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Getting to know Ontario’s parks



I used to think that if each province were a superhero, and their special power was how impressive the landscape is or how interesting and diverse its history was, that Ontario would wind up being another (much cooler) province’s sidekick. Boy, was I ever wrong.

I’ve just come back from spending my summer holidays with my co-trailblazer Stef in some of Ontario’s parks, and it’s made me realize that my limited experience exploring my home province has really set the bar low for my expectations of it. What a nice surprise it was to find out that not only was I wrong about Ontario being a “blah” province, but I was also wrong about it playing second fiddle in my imaginary superhero showdown.

The first stop on our trip was Bon Echo Provincial Park. It’s relatively close to Ottawa and though I’d visited briefly a few years ago, I never got the chance to stay there and really explore the place. If we had been able to stay longer here, I’ve no doubt we would have. The nights were cool and crisp, the forest abuzz with the twittering of birds in the morning and the park full of things to discover.

We spent an entire morning canoeing around Mazinaw Lake on one of the mornings we were there, which was, for me, the highlight of our stay at that park – not just because I love being out on the water, but also because it meant we got to paddle over to Mazinaw Rock to check out the ancient Ojibway pictographs (rock paintings) that are dispersed along the length of the exposed rock face. The site of these pictographs has long been a National Historic Site of Canada, and it was incredible to see the paintings and to think of a time, ages ago, when they were first painted.

From Bon Echo we headed further west, stopping for a night at Awenda Provincial Park (yet another beautiful, well-kept natural area) before reaching our ultimate destination at the very tip of the Bruce Peninsula on Georgian Bay, Bruce Peninsula National Park.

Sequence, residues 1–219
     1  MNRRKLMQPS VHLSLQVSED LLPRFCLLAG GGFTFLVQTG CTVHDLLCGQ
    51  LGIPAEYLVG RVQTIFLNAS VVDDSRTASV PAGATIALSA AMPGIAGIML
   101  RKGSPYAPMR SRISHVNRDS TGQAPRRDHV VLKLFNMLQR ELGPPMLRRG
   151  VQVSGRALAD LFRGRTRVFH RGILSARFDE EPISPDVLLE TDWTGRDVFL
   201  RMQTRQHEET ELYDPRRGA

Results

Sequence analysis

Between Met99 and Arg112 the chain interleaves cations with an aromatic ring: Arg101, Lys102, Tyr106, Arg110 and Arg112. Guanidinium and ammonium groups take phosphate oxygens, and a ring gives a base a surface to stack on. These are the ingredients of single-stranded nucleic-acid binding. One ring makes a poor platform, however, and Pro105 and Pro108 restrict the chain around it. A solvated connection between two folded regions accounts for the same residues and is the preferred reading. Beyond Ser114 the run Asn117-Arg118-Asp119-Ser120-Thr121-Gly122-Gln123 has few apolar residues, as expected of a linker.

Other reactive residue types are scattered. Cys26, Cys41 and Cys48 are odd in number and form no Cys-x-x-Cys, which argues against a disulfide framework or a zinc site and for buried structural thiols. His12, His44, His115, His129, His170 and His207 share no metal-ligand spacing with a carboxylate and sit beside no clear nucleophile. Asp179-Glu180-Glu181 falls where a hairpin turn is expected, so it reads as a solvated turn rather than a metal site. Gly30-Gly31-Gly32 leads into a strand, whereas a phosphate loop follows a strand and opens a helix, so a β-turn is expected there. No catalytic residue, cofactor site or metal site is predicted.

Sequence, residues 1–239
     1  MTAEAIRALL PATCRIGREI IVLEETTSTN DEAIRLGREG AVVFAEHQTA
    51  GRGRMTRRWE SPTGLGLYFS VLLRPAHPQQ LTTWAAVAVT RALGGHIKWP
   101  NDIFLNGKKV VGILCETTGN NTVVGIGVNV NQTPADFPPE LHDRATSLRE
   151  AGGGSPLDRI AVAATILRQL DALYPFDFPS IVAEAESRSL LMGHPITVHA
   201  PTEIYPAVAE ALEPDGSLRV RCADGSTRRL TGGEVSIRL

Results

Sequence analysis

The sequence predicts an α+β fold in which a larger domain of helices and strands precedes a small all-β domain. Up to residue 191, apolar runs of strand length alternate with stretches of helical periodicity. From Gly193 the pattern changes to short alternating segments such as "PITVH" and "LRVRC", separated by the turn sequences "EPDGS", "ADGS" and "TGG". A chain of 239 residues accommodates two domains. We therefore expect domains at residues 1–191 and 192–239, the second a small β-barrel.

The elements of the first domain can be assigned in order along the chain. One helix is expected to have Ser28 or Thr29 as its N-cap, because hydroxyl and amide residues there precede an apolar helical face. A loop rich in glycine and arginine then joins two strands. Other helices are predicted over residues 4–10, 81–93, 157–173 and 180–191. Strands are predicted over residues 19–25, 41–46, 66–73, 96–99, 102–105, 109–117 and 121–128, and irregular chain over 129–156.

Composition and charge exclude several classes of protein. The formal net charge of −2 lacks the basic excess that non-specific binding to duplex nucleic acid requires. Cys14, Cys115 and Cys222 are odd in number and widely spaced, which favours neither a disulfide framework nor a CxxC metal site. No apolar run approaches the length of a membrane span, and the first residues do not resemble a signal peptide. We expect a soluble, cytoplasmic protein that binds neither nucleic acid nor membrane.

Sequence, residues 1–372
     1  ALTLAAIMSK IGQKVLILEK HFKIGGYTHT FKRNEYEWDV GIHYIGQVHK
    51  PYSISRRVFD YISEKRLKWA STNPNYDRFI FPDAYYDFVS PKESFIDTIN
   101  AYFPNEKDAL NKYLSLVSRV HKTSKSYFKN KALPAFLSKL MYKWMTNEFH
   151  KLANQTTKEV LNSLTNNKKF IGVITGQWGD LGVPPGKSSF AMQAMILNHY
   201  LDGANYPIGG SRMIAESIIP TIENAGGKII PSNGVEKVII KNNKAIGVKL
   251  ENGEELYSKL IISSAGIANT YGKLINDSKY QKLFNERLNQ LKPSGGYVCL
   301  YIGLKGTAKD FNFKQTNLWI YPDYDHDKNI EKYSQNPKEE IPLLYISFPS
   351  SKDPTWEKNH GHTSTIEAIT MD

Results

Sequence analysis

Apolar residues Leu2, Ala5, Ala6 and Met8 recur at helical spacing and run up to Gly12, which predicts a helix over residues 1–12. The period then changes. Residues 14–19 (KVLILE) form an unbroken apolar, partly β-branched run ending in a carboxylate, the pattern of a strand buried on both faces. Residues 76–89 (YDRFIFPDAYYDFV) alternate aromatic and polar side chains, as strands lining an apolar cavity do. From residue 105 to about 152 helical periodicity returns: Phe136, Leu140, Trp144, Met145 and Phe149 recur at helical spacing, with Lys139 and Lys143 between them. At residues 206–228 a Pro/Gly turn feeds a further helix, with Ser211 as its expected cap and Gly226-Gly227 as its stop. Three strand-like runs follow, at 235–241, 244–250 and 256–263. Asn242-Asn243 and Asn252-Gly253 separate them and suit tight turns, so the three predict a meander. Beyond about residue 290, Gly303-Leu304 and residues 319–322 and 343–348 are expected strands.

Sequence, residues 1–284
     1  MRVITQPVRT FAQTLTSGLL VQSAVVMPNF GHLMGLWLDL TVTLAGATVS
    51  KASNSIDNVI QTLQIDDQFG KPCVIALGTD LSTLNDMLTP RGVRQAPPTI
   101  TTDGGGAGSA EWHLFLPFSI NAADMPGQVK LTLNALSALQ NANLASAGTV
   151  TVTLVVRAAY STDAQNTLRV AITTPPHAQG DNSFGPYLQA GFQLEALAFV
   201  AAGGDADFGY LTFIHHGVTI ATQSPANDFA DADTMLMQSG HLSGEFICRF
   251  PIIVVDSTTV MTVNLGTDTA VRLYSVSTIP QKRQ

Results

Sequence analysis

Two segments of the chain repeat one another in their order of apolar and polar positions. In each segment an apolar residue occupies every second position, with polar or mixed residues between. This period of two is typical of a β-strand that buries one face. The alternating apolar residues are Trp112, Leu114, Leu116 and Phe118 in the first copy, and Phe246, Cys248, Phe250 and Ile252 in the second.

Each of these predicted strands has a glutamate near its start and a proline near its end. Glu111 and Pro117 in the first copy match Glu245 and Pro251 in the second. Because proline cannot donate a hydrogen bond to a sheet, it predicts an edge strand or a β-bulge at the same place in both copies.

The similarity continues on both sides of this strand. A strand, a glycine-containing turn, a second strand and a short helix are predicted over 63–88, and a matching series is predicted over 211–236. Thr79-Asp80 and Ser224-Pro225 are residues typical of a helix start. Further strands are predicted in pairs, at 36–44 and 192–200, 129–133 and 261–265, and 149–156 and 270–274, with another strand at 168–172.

We hiked parts of the Bruce Trail, which wove in and out of the forest, led us along the clifftops of the Niagara Escarpment, and out onto the rocky shores of Georgian Bay. We even came across a cave or two, part of an entire network of caves that extend through the much of the region.


We went swimming in the crystal clear waters of Georgian Bay at a place called Indian Head Cove, which is one of the more well-known attractions at the park. I’ve been swimming in rivers, lakes, streams across the country and in both the Atlantic and Pacific oceans, but never have I had such an enjoyable swim as at this magical place. We strapped on some snorkelling masks to see what treasures lay beneath the water – no pirate booty, unfortunately, but no shortage of things to discover. Dipping your head underwater, you could see so far down that you get the feeling you’re hanging in mid-air, looking down fifty feet at the ground and still seeing everything perfectly.

We were blown away by everything that we saw and the places we visited. Living in the city, you don’t get to see these places often, so when you do it tends to be an incredibly surreal experience. Knowing that these places we were exploring are under some form of protection certainly added to the experience. It also, however, made me think about the uncertain future for Canada’s parks, which has been top of mind at CPAWS lately.


What will ultimately happen to these places that are so special to so many people if there’s nobody around to care for them and make sure they’re protected? With these wonderful experiences so fresh in my mind, I can hardly imagine what my summer holidays would have been without these parks. There’s a lot to be said for the visitor experience that parks offer, and even more to be said for the level of protection offered by parks legislation.

I’m encouraging everyone to do two things this summer. First – get outside and experience parks. Get to know them a little! They’re there not only to protect the wildlife living within their borders, but also to provide Canadians opportunities to connect with their natural heritage and see firsthand why it deserves to be protected. Second, share these experiences with others. It’s one thing to read about a park on the internet or in the papers, but it’s another thing entirely to hear about someone’s personal experience connecting with the lands, waters and wildlife of our parks.

 

Do you have pictures of and stories about your favourite park? Share them with us on Facebook or on Twitter, and let the world know how lucky we are to call this place home.

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Photos by Stef Geiger (except the one of him - that was me!)